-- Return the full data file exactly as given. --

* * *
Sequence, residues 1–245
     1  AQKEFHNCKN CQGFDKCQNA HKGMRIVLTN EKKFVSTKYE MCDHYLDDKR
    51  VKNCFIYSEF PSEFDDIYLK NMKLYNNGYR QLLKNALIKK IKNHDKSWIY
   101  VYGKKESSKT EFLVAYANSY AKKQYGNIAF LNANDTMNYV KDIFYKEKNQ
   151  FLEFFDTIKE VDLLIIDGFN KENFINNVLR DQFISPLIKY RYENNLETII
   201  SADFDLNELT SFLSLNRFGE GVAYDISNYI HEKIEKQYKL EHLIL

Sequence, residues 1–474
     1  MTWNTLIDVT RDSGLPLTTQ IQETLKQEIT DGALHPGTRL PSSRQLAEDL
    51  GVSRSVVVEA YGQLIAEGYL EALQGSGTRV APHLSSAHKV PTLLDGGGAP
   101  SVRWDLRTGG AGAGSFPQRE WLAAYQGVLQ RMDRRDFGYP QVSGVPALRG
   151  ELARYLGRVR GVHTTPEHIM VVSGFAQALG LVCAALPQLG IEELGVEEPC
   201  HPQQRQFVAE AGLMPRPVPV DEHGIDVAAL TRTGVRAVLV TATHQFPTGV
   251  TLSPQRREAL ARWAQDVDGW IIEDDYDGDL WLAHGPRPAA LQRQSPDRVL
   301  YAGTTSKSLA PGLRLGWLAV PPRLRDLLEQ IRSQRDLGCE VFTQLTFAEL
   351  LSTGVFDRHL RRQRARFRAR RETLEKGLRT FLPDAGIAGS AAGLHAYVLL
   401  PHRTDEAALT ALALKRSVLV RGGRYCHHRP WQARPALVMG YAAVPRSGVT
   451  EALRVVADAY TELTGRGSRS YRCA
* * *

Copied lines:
Sequence, residues 1–245
     1  AQKEFHNCKN CQGFDKCQNA HKGMRIVLTN EKKFVSTKYE MCDHYLDDKR
    51  VKNCFIYSEF PSEFDDIYLK NMKLYNNGYR QLLKNALIKK IKNHDKSWIY
   101  VYGKKESSKT EFLVAYANSY AKKQYGNIAF LNANDTMNYV KDIFYKEKNQ
   151  FLEFFDTIKE VDLLIIDGFN KENFINNVLR DQFISPLIKY RYENNLETII
   201  SADFDLNELT SFLSLNRFGE GVAYDISNYI HEKIEKQYKL EHLIL

Sequence, residues 1–474
     1  MTWNTLIDVT RDSGLPLTTQ IQETLKQEIT DGALHPGTRL PSSRQLAEDL
    51  GVSRSVVVEA YGQLIAEGYL EALQGSGTRV APHLSSAHKV PTLLDGGGAP
   101  SVRWDLRTGG AGAGSFPQRE WLAAYQGVLQ RMDRRDFGYP QVSGVPALRG
   151  ELARYLGRVR GVHTTPEHIM VVSGFAQALG LVCAALPQLG IEELGVEEPC
   201  HPQQRQFVAE AGLMPRPVPV DEHGIDVAAL TRTGVRAVLV TATHQFPTGV
   251  TLSPQRREAL ARWAQDVDGW IIEDDYDGDL WLAHGPRPAA LQRQSPDRVL
   301  YAGTTSKSLA PGLRLGWLAV PPRLRDLLEQ IRSQRDLGCE VFTQLTFAEL
   351  LSTGVFDRHL RRQRARFRAR RETLEKGLRT FLPDAGIAGS AAGLHAYVLL
   401  PHRTDEAALT ALALKRSVLV RGGRYCHHRP WQARPALVMG YAAVPRSGVT
   451  EALRVVADAY TELTGRGSRS YRCA